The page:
I have also come across the belief that to keep things the same is safer. Who of us hasn’t heard:‘But we have always done it this way’ or ‘Why fix it when it’s not broken?’ Is this wisdom or self-indulgence? Naturally, experienced staff who have put their heart and soul into existing training and competency materials will be rightly proud of their work, and value this highly. On the one hand, to suggest that this be reviewed and changed can bring an emotional challenge. On the other hand, everybody should recognise that improvement, sometimes radical, sometimes incremental, is essential, and this means change.

Fundamentally everyone has the same aim, for motivated and competent staff to be supported in delivering a safe and successful service that passengers want to use. Change is crucial to achieve this. Creating a narrative that differentiates between checked and perceived facts, shows understanding of the risks being managed, and takes everyone on the change journey from trade unions to directors, front line mangers and staff, is imperative to move away from the ‘blame culture’ and the ‘no-change culture’.

Taking the time to do things right

Winnie the pooh

Ever wanted to make changes to areas such as your training programmes or competency management systems, but don’t know how and just can’t find the time to stop and work out how to do it? A ‘full review’ always sounds complex, like a lot of work, and the continually increasing demands and distractions of the day job mean the reality of doing it is a significant challenge. It needs managing, coordinating, ensuring the business change process is followed, and requires the time, effort and energy of a number of people.

Where designing training and development programmes is an infrequent activity, there may not be the skill set, experience and knowledge to deliver. Looking to others for lessons learnt and transferable good practice is often valuable, however, without the skill set and knowledge to distinguish the ‘wheat from the chaff’, this becomes common practice as opposed to good practice, and at worst, perpetuates latent risks. To design a new training and development programme, it is necessary to take the time to reflect and learn, and where I have seen this done the benefits have been significant.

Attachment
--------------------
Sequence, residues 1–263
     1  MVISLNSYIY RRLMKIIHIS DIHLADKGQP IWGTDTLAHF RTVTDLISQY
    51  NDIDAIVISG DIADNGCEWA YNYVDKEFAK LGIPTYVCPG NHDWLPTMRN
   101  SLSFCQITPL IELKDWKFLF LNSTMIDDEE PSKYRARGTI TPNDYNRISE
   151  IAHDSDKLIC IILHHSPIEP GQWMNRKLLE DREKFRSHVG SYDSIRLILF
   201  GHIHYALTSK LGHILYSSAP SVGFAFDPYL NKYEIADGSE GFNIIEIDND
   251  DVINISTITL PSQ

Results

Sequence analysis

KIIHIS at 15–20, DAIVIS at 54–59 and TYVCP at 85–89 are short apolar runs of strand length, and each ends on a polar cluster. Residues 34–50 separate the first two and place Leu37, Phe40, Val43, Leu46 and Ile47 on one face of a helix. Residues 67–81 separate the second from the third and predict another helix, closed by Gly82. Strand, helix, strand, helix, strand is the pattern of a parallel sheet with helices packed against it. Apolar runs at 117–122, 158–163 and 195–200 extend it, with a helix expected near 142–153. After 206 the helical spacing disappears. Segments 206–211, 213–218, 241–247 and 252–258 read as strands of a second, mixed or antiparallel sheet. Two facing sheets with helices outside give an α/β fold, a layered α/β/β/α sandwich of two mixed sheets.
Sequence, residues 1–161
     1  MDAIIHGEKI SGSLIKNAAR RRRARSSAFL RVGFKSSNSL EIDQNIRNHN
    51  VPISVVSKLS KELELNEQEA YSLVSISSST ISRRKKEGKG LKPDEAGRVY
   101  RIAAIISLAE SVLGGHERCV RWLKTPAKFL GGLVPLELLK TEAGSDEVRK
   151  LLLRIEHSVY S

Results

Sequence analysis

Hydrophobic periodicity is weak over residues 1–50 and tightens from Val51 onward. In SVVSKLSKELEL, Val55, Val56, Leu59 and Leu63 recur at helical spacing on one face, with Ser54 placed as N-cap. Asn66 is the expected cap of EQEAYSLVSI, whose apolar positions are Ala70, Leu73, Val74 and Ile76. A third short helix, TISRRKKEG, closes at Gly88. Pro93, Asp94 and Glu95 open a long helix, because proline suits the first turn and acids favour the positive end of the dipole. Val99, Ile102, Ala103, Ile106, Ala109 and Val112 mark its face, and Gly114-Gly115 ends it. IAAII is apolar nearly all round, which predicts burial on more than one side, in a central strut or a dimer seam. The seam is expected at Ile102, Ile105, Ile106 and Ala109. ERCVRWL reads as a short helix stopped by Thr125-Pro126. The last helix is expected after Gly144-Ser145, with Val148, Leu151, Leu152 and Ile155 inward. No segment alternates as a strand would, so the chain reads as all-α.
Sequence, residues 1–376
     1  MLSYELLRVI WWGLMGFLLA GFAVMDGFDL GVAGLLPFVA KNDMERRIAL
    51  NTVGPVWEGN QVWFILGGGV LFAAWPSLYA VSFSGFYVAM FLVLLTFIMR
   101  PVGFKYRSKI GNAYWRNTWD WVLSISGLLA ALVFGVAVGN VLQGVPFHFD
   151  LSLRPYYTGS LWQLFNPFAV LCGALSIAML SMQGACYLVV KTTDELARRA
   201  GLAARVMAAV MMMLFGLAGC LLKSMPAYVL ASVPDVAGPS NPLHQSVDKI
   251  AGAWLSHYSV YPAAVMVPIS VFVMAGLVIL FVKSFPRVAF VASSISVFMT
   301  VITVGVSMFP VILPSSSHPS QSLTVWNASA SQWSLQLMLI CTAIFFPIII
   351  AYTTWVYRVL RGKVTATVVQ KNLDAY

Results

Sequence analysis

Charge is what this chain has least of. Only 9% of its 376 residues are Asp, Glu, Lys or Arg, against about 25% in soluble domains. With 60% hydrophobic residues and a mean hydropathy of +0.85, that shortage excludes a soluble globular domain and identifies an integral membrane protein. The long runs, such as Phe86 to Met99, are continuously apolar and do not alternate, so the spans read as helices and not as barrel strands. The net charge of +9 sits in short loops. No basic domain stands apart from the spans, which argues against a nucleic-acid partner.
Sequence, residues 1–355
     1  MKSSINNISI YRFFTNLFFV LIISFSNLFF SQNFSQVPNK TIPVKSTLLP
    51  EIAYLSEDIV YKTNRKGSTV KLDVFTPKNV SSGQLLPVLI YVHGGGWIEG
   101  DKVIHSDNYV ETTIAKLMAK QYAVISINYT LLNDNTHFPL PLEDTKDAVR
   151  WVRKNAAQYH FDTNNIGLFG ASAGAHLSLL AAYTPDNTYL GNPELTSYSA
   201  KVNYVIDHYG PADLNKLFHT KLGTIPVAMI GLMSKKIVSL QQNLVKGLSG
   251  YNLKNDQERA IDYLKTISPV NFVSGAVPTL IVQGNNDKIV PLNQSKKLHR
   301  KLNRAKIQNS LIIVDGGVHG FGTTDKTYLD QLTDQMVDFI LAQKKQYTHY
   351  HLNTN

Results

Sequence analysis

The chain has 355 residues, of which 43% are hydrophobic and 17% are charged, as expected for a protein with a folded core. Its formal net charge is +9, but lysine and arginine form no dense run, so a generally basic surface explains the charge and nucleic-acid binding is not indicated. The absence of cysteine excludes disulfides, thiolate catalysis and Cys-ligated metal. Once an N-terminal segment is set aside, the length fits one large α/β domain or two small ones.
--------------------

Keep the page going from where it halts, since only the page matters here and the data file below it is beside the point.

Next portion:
Intangibles in the business case

Any investment obviously needs a robust business case. The return on investment can be influenced by where we are in the operating franchise or in the control period, as well as by the amount of new intake. In any case, the decision will depend on how benefits have been identified and quantified. I have seen substantial value and benefit stem from changes in training and development, although these benefits had not been included in the business case, being considered too “intangible” at the time of the analysis. Why are we not better at describing all the benefits of training and development? Are we lacking the right methodology to measure these intangibles? Or is there a lack of consensus on the existence of such benefits?

Not reinventing the wheel

There are some practical tools already available to assist with identifying the areas of priority in training and development, such as the RSSB Risk-based training needs analysis (RBTNA). Following these and adopting the principles, has helped me focus on priority areas, which delivered an improvement in quality as well as a more efficient training and competence development process.

Our knowledge of the role of non-technical skills has also improved. As a result of the human factors SPAD review in 2016, and the research project T1128- Research into Human Factors causes of SPAD, we now have a good understanding of the non-technical skills related behaviours and underlying causes that have led to over 300 SPADs. There is already some good practice emerging as a consequence, which should be considered when making training decisions.

RS100- Good Practice Guide on Competence Development, and ORR RSP1- Guidance on Developing and Maintaining Staff Competence are also good references to keep in mind.

Conclusion

Change is always a challenging area, and even more so in the world of safety critical training, where barriers can result from just repeating what we do today, as we think it is safe. However, by using the information and learning from our past, and using recent new insight from research, we can ensure safe advancement to meet our future needs. This implies a conscious and planned decision to make that change, and a decision to let go of some of the things we have hung onto in the past. If we can’t find the time to stop and work out how, we may have a real-life Winnie the Pooh moment.

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Justin Willett
Tel: 0203142 5622